First people were very organized in their harvesting of native roots. So important were roots as a staple crop and medicine that tribes would negotiate ownership rights to these areas. The area was cultivated, protected, and specific rules of harvest were instigated. The rules of harvest included making sure that the plant would come back year after year. The root was harvested in a way that did not harm the plant or its community. One rule was to never tear at the plant. A sharp knife or root stick was used to cleanly cut the roots. Another rule was never to destroy the tap or mother root. Smaller side roots were harvested. That way the plant could keep growing. This was hard to do when harvesting the bulb of camas or the corm of Wapato. However, in these cases care was taken to not overharvest an area. The land, water and environment was to be protected. These practices guaranteed a continuous crop each season. There are all sorts of stories about the destruction of native root plants because humans were greedy in their collection practices or because acts of genocide against the First Nations of Cascadia included destroying nutritional and medicinal plants. (see my essay on Wapato)
ROOT MEDICINE OR “SKOOKUM”
The word “Skookum” comes from Chinook Jargon used as a Pacific Northwest trading language and was used by many tribes. The word meant to be strong, powerful or having special powers. Roots of plants were thought to be very Skookum. Roots were harvested and dried to be used fresh or over many months. Here is a list of my favorite native plants whose roots were harvested for food or medicine.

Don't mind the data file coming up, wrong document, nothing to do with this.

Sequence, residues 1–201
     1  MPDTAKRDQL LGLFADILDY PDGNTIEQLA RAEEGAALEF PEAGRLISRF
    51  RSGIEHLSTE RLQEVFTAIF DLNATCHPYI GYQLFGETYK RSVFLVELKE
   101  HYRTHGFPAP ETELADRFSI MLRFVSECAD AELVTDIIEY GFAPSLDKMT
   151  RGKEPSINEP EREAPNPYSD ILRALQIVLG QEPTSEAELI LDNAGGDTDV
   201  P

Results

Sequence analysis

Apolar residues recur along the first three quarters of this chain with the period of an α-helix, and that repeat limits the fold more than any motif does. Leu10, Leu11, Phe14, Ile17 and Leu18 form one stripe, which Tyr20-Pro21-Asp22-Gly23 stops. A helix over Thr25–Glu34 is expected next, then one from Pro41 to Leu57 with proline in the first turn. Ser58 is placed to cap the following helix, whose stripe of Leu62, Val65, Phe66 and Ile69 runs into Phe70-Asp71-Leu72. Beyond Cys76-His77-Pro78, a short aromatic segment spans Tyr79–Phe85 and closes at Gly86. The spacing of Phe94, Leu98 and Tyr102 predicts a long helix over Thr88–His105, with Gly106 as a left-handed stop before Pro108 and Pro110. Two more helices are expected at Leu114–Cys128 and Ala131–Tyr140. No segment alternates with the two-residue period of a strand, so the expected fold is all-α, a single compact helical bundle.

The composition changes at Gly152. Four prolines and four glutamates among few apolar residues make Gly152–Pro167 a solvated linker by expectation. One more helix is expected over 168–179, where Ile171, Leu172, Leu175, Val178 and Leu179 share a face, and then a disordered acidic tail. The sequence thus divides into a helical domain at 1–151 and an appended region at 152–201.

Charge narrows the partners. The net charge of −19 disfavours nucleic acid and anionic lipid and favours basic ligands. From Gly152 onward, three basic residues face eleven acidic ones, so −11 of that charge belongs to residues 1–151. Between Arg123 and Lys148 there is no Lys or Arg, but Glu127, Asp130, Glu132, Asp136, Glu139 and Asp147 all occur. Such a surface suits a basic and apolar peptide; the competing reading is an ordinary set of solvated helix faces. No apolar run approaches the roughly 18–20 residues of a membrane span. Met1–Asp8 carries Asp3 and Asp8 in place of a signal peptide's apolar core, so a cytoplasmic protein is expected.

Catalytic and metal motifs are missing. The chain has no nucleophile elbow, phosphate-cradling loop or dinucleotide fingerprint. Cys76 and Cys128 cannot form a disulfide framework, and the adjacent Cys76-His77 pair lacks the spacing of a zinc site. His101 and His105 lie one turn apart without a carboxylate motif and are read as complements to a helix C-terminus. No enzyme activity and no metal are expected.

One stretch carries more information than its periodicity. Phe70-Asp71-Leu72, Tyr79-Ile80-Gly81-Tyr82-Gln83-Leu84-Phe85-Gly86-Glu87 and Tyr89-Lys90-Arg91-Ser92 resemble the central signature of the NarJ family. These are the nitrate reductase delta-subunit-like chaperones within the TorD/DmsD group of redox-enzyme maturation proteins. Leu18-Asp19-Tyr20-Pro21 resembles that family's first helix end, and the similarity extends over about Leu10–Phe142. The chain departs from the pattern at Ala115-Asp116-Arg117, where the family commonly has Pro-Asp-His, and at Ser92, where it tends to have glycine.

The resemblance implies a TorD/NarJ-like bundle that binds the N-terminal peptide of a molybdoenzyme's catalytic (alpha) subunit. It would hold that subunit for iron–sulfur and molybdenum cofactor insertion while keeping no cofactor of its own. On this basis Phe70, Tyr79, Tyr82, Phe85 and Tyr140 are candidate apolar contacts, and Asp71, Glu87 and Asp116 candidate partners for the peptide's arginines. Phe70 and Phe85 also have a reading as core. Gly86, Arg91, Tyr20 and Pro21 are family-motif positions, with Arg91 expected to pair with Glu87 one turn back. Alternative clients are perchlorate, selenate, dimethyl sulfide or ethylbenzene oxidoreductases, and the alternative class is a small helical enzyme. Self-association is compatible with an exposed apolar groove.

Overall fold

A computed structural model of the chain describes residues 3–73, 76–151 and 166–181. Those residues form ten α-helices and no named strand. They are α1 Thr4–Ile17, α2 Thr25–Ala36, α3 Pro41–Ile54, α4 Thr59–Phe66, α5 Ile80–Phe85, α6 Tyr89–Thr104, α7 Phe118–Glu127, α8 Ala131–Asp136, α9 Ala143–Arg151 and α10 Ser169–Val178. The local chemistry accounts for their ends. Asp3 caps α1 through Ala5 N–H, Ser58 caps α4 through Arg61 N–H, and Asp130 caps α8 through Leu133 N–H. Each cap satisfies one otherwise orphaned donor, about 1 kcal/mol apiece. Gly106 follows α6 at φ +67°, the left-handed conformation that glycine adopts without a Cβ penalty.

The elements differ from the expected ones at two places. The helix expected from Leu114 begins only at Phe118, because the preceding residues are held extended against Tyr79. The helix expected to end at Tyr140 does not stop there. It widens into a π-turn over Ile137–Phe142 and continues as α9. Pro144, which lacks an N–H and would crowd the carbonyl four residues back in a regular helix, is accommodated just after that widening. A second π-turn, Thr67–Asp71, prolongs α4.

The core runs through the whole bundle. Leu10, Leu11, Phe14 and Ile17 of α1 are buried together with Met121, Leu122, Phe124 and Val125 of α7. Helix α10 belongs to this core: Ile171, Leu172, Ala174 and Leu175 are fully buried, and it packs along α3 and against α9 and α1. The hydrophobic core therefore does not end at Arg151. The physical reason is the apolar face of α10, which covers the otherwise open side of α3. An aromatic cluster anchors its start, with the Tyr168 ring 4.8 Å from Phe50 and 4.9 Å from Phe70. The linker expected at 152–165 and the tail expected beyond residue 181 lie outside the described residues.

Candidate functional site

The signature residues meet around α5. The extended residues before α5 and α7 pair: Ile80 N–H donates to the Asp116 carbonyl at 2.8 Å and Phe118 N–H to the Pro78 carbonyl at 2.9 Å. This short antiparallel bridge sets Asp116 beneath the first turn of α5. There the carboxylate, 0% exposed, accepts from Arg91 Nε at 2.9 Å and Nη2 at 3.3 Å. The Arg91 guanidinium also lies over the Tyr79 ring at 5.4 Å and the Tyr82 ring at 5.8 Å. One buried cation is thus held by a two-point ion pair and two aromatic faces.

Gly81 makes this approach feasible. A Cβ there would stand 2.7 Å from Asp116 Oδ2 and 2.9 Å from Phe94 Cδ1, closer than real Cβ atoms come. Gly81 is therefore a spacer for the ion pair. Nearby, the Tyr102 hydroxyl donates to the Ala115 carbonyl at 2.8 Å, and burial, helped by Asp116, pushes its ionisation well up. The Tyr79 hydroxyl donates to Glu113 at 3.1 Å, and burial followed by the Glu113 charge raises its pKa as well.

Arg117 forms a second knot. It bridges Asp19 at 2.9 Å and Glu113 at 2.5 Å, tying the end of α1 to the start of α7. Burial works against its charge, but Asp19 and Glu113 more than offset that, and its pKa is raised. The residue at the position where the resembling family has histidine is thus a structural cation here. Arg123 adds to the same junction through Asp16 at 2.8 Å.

|Plant Common Name||Plant Latin Name||How it was used||Where it is found|
|Dull Oregon GrapeTall Oregon GrapeIn the Barberry family||Mahonia nervosaMahonia aquifoliumAlso known as Berberidaceas||The shredded bark of the stem and roots were used to make a bright yellow dye for basket materialsThe root is a bitter herb. The root was boiled and the liquid drunk to cure coughs and stomach disorders. The Squaxin, Swinomish and Samish prepared a tea of the root to be used as a gargle for sore throat and drunk in the spring to purify the blood. Oregon grape and its cousin goldenseal act very similarly. But since Oregon grape is
easy to grow and is not threatened with extinction, more and more herbal practitioners are switching from goldenseal to Oregon grape to treat a range of conditions.
|Dry to fairly moist, open to closed forests at low to middle elevations|
|WapatoBroadleaf Arrowhead, tule potato, duck potato, arrowleaf||Sagittarian latifolia||The Wapato tuper was eaten raw (although somewhat bitter) or cooked. Wapato tubers were prepared for eating by boiling, or by baking in hot ashes or in underground pits, after which they could be eaten or dried for long-term storage or trading. The taste of the Wapato is much like that of the potato.The tuber was an energy food much like potatoes. Only this plant also yielded some iron, calcium, zinc and magnesium and other minerals. It was an outstanding food when there was a shortage of protein. It is very high in carbohydrates.||Wapato is an herbaceous wetland plant. The leaves and flower stalk rise above the water. The leaves are arrow-shaped (sagittate). Leaf stems attach directly to the base of the plant like celery. The base is partially submerged in the muck, giving rise to the roots and rhizomes below.|